Maruti Suzuki is betting that a bigger and more fuel efficient version of its small hatchback, Alto, can bring back buyers to a segment that long-dominated Indian roads but has recently lost its popularity to sports-utility vehicles (SUVs).
Hatchbacks are the backbone of personal transport in India making up 38% of total car sales but SUVs, with their sporty body styles and in-car connectivity features, took the lead last fiscal year with around a 40% share.
India's biggest carmaker hopes to arrest this trend by targeting young buyers in large cities with its new Alto which is bigger than its predecessor, has a larger, one litre engine and more features, said Shashank Srivastava, senior executive officer, marketing and sales.
"We have a bigger, more powerful car ... and geographically also we are expanding the base," Srivastava told Reuters ahead of the car's launch on Thursday.
He said about 65% of Alto's sales come from smaller cities but with the new model Maruti is targeting buyers in bigger cities between the age of 25 years and 35 years.
Maruti, majority-owned by Japan's Suzuki Motor Corp , dominates the entry-level, small car segment in India with models like the Alto, which has been a top-seller in the country for several years. But with high inflation and other factors pushing up car prices, growth of small cars has slowed.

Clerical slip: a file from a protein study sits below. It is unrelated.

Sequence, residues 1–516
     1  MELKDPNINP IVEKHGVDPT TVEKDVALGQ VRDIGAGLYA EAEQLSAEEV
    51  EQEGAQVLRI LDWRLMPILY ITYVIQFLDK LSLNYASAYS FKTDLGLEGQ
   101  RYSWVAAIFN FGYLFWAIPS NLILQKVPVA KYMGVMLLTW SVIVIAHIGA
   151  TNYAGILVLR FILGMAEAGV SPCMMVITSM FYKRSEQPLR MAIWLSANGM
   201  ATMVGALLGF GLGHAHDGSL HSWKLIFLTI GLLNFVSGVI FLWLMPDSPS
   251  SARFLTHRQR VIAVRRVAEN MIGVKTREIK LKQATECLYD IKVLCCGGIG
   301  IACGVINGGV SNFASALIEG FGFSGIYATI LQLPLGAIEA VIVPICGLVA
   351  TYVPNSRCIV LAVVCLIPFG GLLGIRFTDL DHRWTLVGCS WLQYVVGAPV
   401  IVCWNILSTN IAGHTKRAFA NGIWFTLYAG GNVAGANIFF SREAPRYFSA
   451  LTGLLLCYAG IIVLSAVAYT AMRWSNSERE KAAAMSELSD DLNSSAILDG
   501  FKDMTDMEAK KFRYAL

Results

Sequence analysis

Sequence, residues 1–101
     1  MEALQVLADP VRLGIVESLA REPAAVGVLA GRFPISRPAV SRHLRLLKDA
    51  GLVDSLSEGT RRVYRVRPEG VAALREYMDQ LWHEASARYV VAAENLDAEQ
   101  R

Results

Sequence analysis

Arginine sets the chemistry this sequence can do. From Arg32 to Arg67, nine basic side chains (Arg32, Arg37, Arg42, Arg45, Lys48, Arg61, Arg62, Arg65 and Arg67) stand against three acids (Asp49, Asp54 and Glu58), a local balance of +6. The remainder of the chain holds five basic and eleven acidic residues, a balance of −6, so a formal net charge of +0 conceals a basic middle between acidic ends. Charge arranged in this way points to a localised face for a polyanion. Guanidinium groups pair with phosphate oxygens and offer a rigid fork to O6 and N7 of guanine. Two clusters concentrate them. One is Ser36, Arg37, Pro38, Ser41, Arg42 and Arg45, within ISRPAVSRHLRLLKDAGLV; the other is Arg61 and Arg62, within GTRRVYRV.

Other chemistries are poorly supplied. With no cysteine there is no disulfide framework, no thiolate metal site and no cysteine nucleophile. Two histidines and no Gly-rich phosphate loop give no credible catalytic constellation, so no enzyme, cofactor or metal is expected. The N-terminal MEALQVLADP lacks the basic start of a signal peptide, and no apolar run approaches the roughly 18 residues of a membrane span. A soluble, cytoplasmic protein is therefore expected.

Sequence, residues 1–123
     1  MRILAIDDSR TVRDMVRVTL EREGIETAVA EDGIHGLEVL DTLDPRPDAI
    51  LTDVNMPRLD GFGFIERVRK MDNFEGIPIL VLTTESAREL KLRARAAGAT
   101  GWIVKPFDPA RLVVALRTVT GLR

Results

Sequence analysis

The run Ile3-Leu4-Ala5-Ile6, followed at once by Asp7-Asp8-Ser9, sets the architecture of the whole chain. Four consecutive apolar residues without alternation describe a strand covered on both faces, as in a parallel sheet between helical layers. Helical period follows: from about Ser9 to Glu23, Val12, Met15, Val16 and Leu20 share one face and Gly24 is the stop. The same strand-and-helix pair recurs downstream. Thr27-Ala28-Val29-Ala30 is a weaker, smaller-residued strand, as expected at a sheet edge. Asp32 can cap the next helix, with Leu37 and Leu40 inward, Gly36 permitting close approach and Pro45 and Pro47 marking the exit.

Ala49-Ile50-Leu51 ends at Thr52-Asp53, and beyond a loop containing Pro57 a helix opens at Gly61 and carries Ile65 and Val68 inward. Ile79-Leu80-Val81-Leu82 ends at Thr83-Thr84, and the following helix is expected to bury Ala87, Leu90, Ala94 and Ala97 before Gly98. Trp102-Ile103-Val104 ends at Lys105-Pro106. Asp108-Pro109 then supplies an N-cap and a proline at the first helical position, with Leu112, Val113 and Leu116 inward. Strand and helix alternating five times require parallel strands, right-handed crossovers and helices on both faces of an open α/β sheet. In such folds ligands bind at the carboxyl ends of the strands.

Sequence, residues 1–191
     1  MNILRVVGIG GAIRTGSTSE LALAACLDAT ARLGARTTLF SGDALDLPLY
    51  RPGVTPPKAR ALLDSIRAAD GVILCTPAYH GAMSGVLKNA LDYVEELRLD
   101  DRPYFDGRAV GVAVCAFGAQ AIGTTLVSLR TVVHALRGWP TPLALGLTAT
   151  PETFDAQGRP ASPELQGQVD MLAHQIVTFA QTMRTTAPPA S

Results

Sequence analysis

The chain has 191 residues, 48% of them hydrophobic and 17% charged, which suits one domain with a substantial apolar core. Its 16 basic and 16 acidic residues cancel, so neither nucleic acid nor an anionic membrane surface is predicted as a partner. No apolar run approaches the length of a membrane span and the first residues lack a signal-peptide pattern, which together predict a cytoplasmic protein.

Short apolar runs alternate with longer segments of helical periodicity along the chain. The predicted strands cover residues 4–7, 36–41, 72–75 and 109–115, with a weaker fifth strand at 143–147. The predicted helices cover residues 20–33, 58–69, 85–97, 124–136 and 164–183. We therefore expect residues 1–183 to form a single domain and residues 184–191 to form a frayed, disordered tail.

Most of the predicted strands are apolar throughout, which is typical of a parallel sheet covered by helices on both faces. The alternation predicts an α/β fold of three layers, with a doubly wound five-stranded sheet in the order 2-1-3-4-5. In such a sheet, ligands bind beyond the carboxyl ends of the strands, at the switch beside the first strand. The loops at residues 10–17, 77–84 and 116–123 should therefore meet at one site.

"The affordability in this segment has come down for various reasons. The sensitivity to price rises is much higher," he said, adding that Alto is the first car for many buyers - a cost-conscious segment that Maruti will continue to target.
"This segment will play a very important role in the future", Srivastava said, adding that first time buyers make up 50% of cars sold in the country.
Entry-level cars like Alto currently make up about 15% of Maruti's total annual sales and Srivastava expects this to grow with the new model.
Maruti expects total car sales in India to rise to about 3.7 million this year from about 3.1 million last fiscal year, he said. But this could be impacted by high inflation and material costs, supply chain disruptions, as well as new regulations. (Reporting by Aditi Shah; editing by David Evans)